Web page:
Many people know Chandrasekhara Venkata Raman (more popularly known as C.V. Raman) because he was the first Indian Nobel Laureate in science. Till date Raman remains the only Indian to receive a Nobel Prize in science. There are two Indian-born scientists viz., Har Gobind Khorana and Subrahmanyan Chandrasekhar (who became US citizens) got Nobel Prizes in science.
Raman was also the first Asian to get Nobel Prize in science. Raman's celebrated discovery, the Raman Effect, experimentally demonstrated that the light-quanta and molecules do exchange energy which manifests itself as a change in the colour of the scattered light. However, this phenomenon was earlier predicted theoretically by Hendrik Anthony Kramers (1894-1952) and Werner Heisenberg (1901-76). It was the most convincing proof of quantum theory of light. This does not diminishes the importantce of Raman's discovery. As Albert Einstein (1879-1955) wrote : "C.V. Raman was the first to recognize and demonstrate th…
CHANDRASEKHARA VENKATA RAMAN,popularly known as C.V Raman,was born at Trichinopoly,Tamil Nadu,India,on November 7,1888.He was the second son of R.Chandrasekhara Iyer and Parvathi Ammal. R.Chandrasekhara Iyer was a professor of mathematics at A.V.N College,Andhra Pradesh.Parbati,the wife of R.C Iyer,was a devout lady who spent most of her time in prayer.
Raman was a brilliant student throughout his educational career;he matriculated at 12,graduated at 15,and recieved master’s degree at 17.Raman studied very hard for the final year exam of B.A. When the result of the B.A examination was published,Raman came first in the whole state of Madras.Similarly Raman secured first position in the M.A.examination and was awarded with the gold madal.
When C.V Raman was studying for an M.A.,he wrote two articles,one on acoustics and the other on light.These articles were published in two of London’s scientific magazines ,these articles were excellent,and senior scientists of England praised Raman’s…
SIR PROFESSOR CHANDRASHEKHARA VENKATA RAMAN WAS popularly known as Professor C.V.Raman.He was awarded the Nobel Prize in 1930 for his outstanding discovery of the scattering of light.All his life Raman worked for the cause of scientific development in India.
Raman was an exceptionally brilliant boy right from his childhood.He passed all school and college examinations with flying colors and completed his Master’s degree when he was 17-year old.Raman was awarded a gold medal for securing the highest marks in the Master’s degree in 1907.
Raman wanted to take the Indian Civil Services(ICS) exams but in those days ICS examinations were not conducted in India,all of the candidates had to go to England to sit for the examination.Raman too wanted to attend the ICS examination,but his poor financial circumstances did not allow him to do so.Raman decided to attend Financial Civil Service(FCS) instead.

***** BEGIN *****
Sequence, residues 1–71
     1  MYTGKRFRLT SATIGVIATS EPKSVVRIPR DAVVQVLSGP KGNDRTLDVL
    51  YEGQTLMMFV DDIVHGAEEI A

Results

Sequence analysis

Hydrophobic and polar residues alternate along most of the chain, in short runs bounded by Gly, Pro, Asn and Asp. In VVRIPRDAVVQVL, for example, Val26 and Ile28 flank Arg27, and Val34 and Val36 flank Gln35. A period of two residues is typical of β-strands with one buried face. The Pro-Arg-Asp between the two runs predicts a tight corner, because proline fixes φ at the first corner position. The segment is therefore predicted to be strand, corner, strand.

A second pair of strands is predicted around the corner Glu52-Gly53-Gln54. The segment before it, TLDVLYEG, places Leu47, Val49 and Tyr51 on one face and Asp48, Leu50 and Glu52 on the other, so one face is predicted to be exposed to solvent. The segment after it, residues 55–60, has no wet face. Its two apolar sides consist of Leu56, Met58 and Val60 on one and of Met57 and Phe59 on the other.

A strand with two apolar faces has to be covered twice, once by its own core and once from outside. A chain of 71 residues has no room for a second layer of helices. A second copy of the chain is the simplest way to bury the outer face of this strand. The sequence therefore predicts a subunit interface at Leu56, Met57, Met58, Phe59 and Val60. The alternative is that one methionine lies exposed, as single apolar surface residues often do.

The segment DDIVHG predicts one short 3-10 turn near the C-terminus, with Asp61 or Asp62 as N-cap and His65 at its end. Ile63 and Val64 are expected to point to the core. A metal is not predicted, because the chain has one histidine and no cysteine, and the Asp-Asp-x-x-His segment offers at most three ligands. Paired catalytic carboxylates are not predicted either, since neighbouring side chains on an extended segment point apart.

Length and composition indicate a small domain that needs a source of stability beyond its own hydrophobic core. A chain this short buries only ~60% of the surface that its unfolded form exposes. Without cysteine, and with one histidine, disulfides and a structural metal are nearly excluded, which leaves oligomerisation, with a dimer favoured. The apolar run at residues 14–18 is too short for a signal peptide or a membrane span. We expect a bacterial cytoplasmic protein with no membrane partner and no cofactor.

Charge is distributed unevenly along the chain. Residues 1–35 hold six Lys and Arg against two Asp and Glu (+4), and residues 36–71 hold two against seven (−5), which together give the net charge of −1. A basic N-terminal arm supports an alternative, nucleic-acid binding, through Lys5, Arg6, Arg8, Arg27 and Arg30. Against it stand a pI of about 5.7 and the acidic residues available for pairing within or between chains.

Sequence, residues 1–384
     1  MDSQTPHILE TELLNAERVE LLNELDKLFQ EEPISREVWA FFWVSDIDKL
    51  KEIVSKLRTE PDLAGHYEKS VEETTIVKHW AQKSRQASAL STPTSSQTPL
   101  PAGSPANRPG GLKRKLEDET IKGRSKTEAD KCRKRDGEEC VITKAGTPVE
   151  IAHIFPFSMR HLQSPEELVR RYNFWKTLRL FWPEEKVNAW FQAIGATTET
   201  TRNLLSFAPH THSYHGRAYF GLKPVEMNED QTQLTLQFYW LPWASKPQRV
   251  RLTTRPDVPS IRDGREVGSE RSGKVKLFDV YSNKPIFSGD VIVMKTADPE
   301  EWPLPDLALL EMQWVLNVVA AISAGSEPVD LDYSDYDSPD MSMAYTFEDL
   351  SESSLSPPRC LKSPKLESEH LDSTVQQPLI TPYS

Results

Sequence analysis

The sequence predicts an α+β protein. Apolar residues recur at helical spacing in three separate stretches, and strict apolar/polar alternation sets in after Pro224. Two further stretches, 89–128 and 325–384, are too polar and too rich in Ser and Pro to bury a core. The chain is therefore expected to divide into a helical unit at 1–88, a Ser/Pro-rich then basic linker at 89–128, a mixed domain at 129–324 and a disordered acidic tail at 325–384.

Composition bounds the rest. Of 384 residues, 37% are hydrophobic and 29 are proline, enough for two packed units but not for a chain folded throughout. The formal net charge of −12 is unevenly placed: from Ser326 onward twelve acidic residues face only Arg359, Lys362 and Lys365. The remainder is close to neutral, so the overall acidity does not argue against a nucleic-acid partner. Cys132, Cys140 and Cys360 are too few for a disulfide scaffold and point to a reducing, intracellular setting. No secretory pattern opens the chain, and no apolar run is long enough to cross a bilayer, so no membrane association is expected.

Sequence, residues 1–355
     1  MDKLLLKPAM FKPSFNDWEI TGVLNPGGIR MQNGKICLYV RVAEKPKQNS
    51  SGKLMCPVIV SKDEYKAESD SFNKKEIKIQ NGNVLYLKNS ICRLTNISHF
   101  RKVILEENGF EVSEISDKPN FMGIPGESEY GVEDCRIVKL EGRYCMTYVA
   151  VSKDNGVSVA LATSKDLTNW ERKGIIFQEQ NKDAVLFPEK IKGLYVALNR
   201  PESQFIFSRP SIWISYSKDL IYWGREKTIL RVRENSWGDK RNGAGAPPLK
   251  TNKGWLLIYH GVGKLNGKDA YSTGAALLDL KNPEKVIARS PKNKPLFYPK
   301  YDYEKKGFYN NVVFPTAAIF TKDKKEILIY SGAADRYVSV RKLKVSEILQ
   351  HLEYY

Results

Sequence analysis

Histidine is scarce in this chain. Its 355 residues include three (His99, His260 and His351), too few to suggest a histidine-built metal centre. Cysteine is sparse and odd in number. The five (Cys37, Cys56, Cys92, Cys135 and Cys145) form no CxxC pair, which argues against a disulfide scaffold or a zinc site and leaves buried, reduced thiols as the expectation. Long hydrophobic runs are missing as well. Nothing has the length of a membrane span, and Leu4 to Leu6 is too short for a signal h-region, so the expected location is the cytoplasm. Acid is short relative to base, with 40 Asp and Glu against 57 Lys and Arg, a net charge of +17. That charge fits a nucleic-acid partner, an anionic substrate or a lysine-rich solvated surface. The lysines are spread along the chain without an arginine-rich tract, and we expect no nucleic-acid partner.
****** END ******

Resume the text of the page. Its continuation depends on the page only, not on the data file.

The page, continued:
Raman secured high marks and got through the interview.He was then posted to Calcutta as an…
Face Veil; a Human Right?
M N Karassery December 10 was World Human Rights Day. Against this backdrop, it needs to be discussed as to how far violative or liberative is the face-covering veil worn by Muslim women.
A veil that covers a woman's face and her eyes is more than just a religious issue. When an individual's rights are violated it directly affects Human Rights of our society. Is the face veil, the 'Burkha' a violation of rights? If so, what are the rights that are being violated? Women wear a face veil by choice. That is their democratic right. True. So is the right to criticize. The right to criticize is equally democratic too! Further, one may wonder why criticize, after all it is out of their free choice!
What we understand as a woman's free will is in fact a socially mediated choice. The freedom of choice is exercised within the confines of the social pressure. The 'opinion' here stems out, not from informed choice but from the clouded understand…
Were British people cultivating tenants in Kerala?
G Shaheed Kochi: Historians, students of history, politicians and administrators will shudder on hearing the claim of Harrisons Malayalam, a plantation company based in Kochi, that their predecessors, who were Englishmen, were cultivating tenants in Kerala.
There are widespread allegations over the company HML (Harrisons Malayalam Ltd) owning 60,000 acres of land in Kerala, mostly plantations. Majority of these plantations are set on encroached government lands.
As directed by the government under the provisions of Land Conservancy Act, Ernakulam District Collector M G Rajamanikyam was directed to conduct an enquiry and submit the report. The report submitted by the Collector was placed before the High Court at a time when there are many cases pending against HML.
Rajamanikyam has pointed out in his report that HML, with the connivance of Revenue officials, misinterpreted the Kerala Land Reforms (KLR) Act to their favour, to grab the lan…
Congress in self-destruct mode
Amulya Ganguli Perhaps the awareness about the irredeemable nature of the Congress's political fortune persuaded Prithviraj Chavan to let the cat out of the bag. By confessing, however, that he was powerless as the Maharashtra chief minister to probe the allegations of corruption against influential party members like Vilasrao Deshmukh, Sushil Kumar Shinde and Ashok Chavan, as well as a ministerial colleague, Ajit Pawar, the outgoing chief minister has drawn attention to the primary cause which is behind his party's decline.
There is little doubt that it is the deliberate turning of the blind eye towards suspected acts of corruption, which has fatally undermined the party's position. The Congress' reputation for aiding and abetting corruption first enabled Anna Hazare to whip up public sentiments against the party.
Since then, its soiled image has been exploited in full measure by the Bharatiya Janata Party (BJP), which has buttressed its c…
The first of May _ Labour Day _ is a red letter day in the Marxist calendar. In one of history's ironies, the decline of the Communists in India can be told as a tale of three days in May.
The first was16 May, 1996, when Atal Bihari Vajpayee became Prime Minister of India. Though that ministry lasted but thirteen days it brought the national leaderships of the Congress and the C.P.I.(M) into an embrace.
The second is 20 May, 2011, when Mamata Banerjee replaced Buddhadeb Bhattacharjee as Chief Minister of West Bengal. Kerala may be the icing on the Leftist cake _ Tripura being the cherry _ but the eastern state, twice the size of Kerala, is the cake itself.
What is the third? Prediction is a mug's game but it could be another16 May, when the results of the sixteenth General Election are announced.
How many voters in Kerala realise just how much the world has changed…
NEWS » KERALA Published: SATURDAY, JANUARY 17, 2015
Air Kerala services to be launched soon in state: Chandy
Kochi: The Kerala government will soon launch domestic services of its proposed airline 'Air Kerala' for fulfilling the mandatory requirement of the country's civil aviation norm stipulating five year domestic operations before international flight services, Chief Minister Oommen Chandy said Friday.